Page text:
As part of the Social Responsibility Series, Paul Resnick, PhD, joins Michigan Minds to share insight on the use of social media during times of national crisis, the impact of digital search filters, and how users can stay informed about misinformation. Resnick is the Michael D. Cohen Collegiate Professor of Information at the U-M School of Information, where he also serves as the Director for the Center for Social Responsibility (CSMR).
Resnick recently published a paper with his colleagues from CSMR that examines the types of news sources that social media users engage with during a time of crisis, specifically during the Russian invasion of Ukraine. For their research, the team examined the Iffy Quotient—which is a metric developed by the Center that measures the amount of content from “iffy” sites that have been amplified on Facebook and Twitter. Resnick explains that “iffy” refers to sites that frequently publish misinformation.
This research found a swift drop in social media content from iffy sources during a two-week period starting on February 14, 2022, signifying that social media users were straying away from less trustworthy news sources on Facebook and Twitter. In fact, the Iffy Quotient reported a drop in engagement with iffy sites by more than 30% for the week ending February 28—a few days after Russia invaded Ukraine.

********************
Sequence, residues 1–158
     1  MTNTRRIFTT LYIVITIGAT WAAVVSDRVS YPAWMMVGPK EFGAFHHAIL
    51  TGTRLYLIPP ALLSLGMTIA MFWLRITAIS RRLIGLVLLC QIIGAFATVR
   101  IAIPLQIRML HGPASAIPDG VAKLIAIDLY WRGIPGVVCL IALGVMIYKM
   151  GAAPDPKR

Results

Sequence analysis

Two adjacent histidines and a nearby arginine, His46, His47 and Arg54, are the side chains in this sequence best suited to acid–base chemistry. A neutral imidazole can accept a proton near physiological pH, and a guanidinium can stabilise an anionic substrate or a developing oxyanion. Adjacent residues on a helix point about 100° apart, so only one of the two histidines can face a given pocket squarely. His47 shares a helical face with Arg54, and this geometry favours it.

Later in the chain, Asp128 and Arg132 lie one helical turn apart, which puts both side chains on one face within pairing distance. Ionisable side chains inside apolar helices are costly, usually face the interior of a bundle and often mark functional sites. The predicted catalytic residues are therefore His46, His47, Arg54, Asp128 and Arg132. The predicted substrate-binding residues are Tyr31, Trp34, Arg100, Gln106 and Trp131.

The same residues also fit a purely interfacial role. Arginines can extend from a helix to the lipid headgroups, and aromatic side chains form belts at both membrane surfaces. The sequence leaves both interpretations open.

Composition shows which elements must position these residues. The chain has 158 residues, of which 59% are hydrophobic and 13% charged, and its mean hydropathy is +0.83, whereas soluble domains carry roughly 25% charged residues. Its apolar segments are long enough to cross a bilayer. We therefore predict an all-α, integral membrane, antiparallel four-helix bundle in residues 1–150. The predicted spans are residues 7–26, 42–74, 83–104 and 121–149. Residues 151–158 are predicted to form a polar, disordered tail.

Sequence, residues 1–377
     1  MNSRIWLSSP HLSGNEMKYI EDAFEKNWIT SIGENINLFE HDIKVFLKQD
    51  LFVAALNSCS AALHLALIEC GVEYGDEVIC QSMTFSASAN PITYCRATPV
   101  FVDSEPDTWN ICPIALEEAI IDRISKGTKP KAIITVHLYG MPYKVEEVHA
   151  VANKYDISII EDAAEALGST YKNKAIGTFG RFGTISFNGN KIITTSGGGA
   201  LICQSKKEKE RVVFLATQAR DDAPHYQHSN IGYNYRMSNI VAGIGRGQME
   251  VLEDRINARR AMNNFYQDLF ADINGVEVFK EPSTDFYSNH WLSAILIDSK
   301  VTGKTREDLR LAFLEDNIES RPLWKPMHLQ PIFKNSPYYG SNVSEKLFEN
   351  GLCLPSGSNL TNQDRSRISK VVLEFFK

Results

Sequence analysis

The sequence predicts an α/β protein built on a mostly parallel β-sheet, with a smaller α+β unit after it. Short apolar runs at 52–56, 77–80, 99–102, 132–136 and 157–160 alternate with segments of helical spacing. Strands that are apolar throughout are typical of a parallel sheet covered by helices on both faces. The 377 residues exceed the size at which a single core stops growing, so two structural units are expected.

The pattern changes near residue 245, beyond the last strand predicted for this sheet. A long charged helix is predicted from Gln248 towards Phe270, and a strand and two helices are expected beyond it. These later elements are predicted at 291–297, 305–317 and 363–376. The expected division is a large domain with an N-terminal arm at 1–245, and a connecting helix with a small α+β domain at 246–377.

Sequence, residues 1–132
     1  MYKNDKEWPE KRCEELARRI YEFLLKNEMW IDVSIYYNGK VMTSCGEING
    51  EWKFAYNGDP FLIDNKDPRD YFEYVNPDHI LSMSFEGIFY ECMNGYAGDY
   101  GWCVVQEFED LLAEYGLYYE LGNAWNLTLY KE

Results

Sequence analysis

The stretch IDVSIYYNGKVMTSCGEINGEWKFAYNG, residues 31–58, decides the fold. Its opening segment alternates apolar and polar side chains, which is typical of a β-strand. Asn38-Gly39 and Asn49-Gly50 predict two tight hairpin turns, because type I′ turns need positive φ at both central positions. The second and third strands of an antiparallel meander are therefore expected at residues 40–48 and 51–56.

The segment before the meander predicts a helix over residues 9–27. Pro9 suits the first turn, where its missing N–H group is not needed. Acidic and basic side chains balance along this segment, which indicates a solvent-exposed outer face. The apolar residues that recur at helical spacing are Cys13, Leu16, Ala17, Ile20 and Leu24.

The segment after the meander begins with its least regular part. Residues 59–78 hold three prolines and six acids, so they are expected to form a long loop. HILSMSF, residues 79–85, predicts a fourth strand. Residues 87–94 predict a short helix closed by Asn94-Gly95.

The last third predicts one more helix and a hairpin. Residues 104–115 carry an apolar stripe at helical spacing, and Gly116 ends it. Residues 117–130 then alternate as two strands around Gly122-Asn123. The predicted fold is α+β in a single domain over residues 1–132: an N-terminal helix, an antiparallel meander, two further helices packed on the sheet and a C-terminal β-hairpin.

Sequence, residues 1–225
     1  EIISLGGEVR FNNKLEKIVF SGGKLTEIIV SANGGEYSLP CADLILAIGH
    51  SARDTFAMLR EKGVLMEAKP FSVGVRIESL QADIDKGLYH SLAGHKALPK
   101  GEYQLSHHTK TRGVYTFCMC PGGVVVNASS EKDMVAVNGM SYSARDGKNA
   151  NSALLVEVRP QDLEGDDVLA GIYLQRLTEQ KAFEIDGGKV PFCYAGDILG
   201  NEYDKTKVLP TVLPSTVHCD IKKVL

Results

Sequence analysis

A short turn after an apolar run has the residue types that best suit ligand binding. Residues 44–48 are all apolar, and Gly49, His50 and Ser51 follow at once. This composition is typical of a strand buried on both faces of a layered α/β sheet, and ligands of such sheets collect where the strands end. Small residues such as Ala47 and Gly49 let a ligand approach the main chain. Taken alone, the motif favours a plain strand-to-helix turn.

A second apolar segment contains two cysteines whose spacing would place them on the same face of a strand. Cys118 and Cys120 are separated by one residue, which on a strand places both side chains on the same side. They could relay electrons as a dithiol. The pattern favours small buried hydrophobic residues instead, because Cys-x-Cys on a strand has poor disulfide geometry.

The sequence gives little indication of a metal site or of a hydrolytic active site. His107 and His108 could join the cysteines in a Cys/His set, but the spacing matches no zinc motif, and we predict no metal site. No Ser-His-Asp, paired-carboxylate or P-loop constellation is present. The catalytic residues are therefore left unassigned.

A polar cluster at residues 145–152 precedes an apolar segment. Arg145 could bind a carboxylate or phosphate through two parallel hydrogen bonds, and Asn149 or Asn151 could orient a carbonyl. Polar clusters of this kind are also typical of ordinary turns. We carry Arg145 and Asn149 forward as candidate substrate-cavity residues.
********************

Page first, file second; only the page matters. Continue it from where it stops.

Resnick outlines the importance of being informed by trusted news sources, and shares how social media users can ensure they aren’t being misinformed. He suggests that social media users engage in lateral reading when online, which is verifying what you’re reading while reading it.
“Look outside the article—so, take some key phrases from the article and plug it into a search engine to see what other sources are saying about the same topic. And, of course, check that those other sources are ones that you trust.”
An In Queensland article references Resnick’s work regarding the way people are impacted by filters on digital search activity. These “filter bubbles” can lead to people only being exposed to information that matches their ideological predisposition. However, Resnick says that the best evidence seems to suggest most people who are politically engaged actually get exposed to a fair bit of information from contrarian sources.
“One of the positive side effects of having only three or four TV channels, like when I was a kid, was that everyone’s paying attention to the same ones. There were more occasions when everyone was exposed to the same events and with similar perspectives—of course there’s a downside to that as well, because the non-mainstream voices just weren’t heard.”